Republican attacks on Soros in the face of the upcoming 2018 midterm elections are now well-established, according to multiple reports.
Campaign ads aired toward the end of Trump’s surprising 2016 presidential campaign win accused Soros, alongside Goldman Sachs’ Lloyd Blankfein and then-US Federal Reserve head Janet Yellen — who, like Soros, are Jewish — suggested that “the levers of power in Washington” were at the hands of unaccountable Wall Street moguls, according to Financial Times.
Soros, noting the cultural shift against him, set about to clear the air, according to Nytimes.com.
“I have become a bit more concerned about my image,” he stated in a New York Times Magazine article earlier in 2018, adding, “it is disturbing to have those lies out there.”
US GOP midterm campaigning has nonetheless continued to paint Soros as a villain, including a Minnesota ad placed by the National Republican Congressional Committee showing Soros grinning alongside piles of cash while a narrator darkly intones that “Billionaire George Soros bankrolls the resistance,” cited by Motherjones.com.
In Florida, Republican congressman Matt Gaetz falsely claimed in a tweet that Soros had bankrolled the Central American migrant caravan, and his accusation was quickly spread by the conservative Fox News outlet.
Repeatedly subjected to threats of violence, Soros was the first of thirteen highly-visible Democrats and progressive organizations — including Senator Dianne Feinstein (D-CA) and former US President Barack Obama — to receive pipe bombs in the mail from a fanatic Trump-supporter and conspiracy theorist named César Sayoc.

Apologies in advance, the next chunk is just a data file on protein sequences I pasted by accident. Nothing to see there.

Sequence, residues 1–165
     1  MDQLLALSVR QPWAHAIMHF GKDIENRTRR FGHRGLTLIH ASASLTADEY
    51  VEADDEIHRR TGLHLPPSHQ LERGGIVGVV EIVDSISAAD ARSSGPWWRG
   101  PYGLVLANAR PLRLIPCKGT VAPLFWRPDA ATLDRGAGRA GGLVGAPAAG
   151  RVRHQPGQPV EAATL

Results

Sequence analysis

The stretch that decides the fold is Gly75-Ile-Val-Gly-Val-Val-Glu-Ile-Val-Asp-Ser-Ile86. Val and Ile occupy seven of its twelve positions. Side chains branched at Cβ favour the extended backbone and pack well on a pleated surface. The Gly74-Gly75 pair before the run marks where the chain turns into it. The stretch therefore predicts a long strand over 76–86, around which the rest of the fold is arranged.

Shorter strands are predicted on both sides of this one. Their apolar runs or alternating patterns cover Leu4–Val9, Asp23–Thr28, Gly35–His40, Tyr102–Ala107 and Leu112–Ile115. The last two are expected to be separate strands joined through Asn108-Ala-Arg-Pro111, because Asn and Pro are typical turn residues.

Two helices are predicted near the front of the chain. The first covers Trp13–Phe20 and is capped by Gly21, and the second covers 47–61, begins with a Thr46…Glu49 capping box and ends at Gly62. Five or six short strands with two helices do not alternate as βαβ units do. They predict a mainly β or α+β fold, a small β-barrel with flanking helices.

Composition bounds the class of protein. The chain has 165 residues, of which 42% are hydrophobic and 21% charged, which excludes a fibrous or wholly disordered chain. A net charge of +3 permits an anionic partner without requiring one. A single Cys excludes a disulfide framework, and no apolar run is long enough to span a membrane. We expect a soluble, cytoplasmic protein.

Only last week, the US the House of Representatives second-in-command, Kevin McCarthy, tweeted that Soros and two billionaire men associated with the Jewish faith — former New York City mayor Michael Bloomberg and big-ticket Democratic cash contributor Tom Steyer — were trying to purchase the outcome of the hotly-contested 2018 midterms.
McCarthy removed the tweet after the pipe bomb mailings were traced back to the anti-Semitic right-winger Sayoc.
Putting the blame for a host of complex sociological issues on the wealthy 88-year-old Jewish financier has become something of a cottage industry, suggested Deborah Lipstadt, an Emory University professor of Holocaust history and the author of a new book covering the causes and effects of modern anti-Semitism.
“Soros has become the House of Rothschild of the 21st century,” said Lipstadt, cited by Ft.com.
“No one [explicitly] says Soros is a Jew, but there are groups on the right for whom these [symbols] are a wink-wink, nod-nod dog whistle,” she added.
Modern conspiracy theories take root due in part to internet usage and are regularly tied to financiers of Jewish descent, notes University of Utah professor Robert Goldberg, the author of a book covering the seemingly endless supply of conspiracy culture in the US.
“I think this has really reached the mainstream,” Goldberg noted.
“Conspiracy theories have become normal,” he added, cited by the Financial Times.